Mauricio Bucca , European University Institute
Lucas G. Drouhot, Max Planck Institute for the Study of Religious and Ethnic Diversity
This article investigates social mobility trajectories among the second generation immigrant compared to their native counterparts in European countries. The destiny of the so-called second generation is, we argue, the true yardstick of immigrant incorporation in European societies. In doing so we bring together two largely disconnected literatures, namely the study of ethnic penalties by immigration scholars and the study of relative social mobility by stratification scholars. We use data from 5 rounds of the European Social Survey (2008-2016) for the 7 European countries that exhibit a sizeable second generation immigrant population, namely Belgium, Switzerland, Denmark, France, Great Britain, the Netherlands and Sweden. In terms of methods, we rely on log-linear and log-multiplicative moels for the study of relative mobility, and multinomial logistic models for the study of ethnic penalties. Two main findings stand out clearly: first, we find that class of origins matters the same for the socioeconomic destination of both natives and second generation immigrants, contradicting hypothesis of an ``perverse openness'' among the latter. Second, we find no evidence of ethnic penalties, as natives and immigrants of comparable social origins exhibit similar socioeconomic achievement. Thus, the poorer the socioeconomic standings of natives and second generation immigrants largely reflect their poorer social origins but not truncated opportunities based on immigrant status.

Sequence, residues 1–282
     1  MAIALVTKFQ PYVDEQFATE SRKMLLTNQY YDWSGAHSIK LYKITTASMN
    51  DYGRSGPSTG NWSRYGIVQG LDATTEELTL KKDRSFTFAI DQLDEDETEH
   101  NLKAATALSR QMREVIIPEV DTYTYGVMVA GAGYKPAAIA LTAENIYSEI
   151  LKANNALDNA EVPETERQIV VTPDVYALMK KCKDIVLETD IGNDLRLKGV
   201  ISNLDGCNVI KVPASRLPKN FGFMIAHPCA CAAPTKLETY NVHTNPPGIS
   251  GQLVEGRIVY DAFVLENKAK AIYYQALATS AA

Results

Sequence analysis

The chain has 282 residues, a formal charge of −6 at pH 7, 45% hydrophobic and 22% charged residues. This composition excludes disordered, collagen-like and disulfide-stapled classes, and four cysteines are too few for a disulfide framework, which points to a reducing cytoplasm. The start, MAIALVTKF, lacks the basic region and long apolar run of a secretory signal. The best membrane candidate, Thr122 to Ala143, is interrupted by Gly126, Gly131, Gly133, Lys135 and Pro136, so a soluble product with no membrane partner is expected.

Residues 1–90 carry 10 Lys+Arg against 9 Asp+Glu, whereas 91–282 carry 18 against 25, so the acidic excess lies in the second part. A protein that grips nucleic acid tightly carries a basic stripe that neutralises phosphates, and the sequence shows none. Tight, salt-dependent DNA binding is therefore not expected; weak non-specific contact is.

Presented in Session 66. Immigrants' Socio-Economic Trajectories